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Rockphiles Artist Profile

Elvis Costello

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Once called “the most talented pop tunesmith of his generation” by the New York Times, the enigmatic, musically eclectic Londoner Elvis Costello has made a fascinating art form out of collaborations over the past 25 years. Although his late 2003 marriage to Diana Krall (whom he met at the 2002 Grammys) at Elton John’s estate in Surrey surprised some, the jazz diva is simply the latest in a long line of cohorts that have captured the former Declan Patrick McManus’ heart since he splashed on the scene in the late 70s with The Attractions.

Most recently, he’s been doing concerts with Steve Nieve, who joins on Costello’s fascinating resume the high profile likes of Burt Bachrach, The Brodsky Quartet, Paul McCartney, Swedish mezzo-soprano Sofie Van Otter, guitarist Bill Frisell, T-Bone Burnett and the Charles Mingus Orchestra.

Costello was by far the best songwriter and lyricist to emerge from Britain's explosive punk and new wave scene in the late '70s, putting intellectual honesty and emotional weight into themes of anger, revenge and personal betrayal. His astounding run from 1977 through 1984 included nine albums of varied styles hitting the Top 40. The biggest crowdpleasers were sets like the 20-song Get Happy!, which included a cover of Sam & Dave’s “I Can’t Stand Up For Falling Down,” and the brilliant Imperial Bedroom (1982), but even less commercially successful efforts like the country oriented Almost Blue (1981) received much critical acclaim. He had no trouble illuminating fans as to the source of his songwriting bravura, often complementing his own work with covers of tunes by Bachrach, Doc Pomus, Smokey Robinson, Bob Dylan and Rodgers & Hart. This mix of old and new prompted some critics to refer to him as “The Cole Porter of the 1980s.”

Costello split with The Attractions after 1986’s Blood and Chocolate, leaving him open in the late 80s to become a revolving door duet partner to numerous legends. His work with McCartney yielded grand efforts like 1989’s Spike and 1991’s Mighty Like a Rose, as well as the former Beatle’s own Flowers in the Dirt (1989) and Off The Ground (1993). Costello scored his highest charting hit ever with the McCartney flavored “Veronica,” and McCartney’s Costello-sounding “My Brave Face” remains his last Top 40 hit.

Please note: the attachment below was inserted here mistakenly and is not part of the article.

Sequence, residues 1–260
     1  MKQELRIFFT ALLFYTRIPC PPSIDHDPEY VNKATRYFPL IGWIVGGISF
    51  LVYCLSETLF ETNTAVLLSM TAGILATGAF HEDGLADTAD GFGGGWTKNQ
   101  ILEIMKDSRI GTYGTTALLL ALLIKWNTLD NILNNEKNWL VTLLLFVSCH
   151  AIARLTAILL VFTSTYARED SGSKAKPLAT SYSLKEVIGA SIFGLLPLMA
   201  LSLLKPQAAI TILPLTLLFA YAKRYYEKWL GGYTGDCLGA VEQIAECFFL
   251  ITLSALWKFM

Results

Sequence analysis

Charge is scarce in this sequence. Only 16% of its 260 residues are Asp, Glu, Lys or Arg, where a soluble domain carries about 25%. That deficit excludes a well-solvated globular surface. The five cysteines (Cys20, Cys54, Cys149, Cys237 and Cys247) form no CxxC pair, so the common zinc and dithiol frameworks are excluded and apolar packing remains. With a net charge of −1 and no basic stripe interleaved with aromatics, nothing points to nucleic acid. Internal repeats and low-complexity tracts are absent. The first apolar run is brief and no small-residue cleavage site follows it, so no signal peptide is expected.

Costello’s growing fascination with classical music led in 1993 to The Juliet Letters, a quirky hybrid album with The Brodsky Quartet. Straying so far from his stylistic home may have taken its toll, because the next year, he reunited with the Attractions for the first time in eight years for Brutal Youth (1994) and later, All This Useless Beauty (1996). Age-old tensions with bassist Bruce Thomas resurfaced, and Costello abandoned his former band (apparently for good) and sought out no less than longtime idol Bachrach for a phone and fax composed “God Give Me Stregnth,” which was commissioned for the soundtrack of the Brill Building flick Grace of My Heart. This led to a full-fledged duet album, Painted from Memory, in 1998.

In 2001, Costello began a residency at UCLA, where he both performed concerts and began a second career as a music teacher. He also began work on a self-produced project with Pete Thomas and Nieve called When I Was Cruel, which was released by Island Records in 2002 and later nominated for three Grammys.

The late 2003 Deutsche Grammophon release,”North”, an album of piano ballads composed, orchestrated and conducted by Costello, retained the number one position on the Billboard Traditional Jazz Chart for five weeks. “The Scarlet Tide,” his composition with T-Bone Burnett for Cold Mountain, earned him his first Oscar nomination for Best Song.

Costello's repertoire of over 250 songs has been covered by a widely divergent range of artists, including Chet Baker, Johnny Cash, Roger McGuinn, Roy Orbison, George Jones, and Charles Brown.





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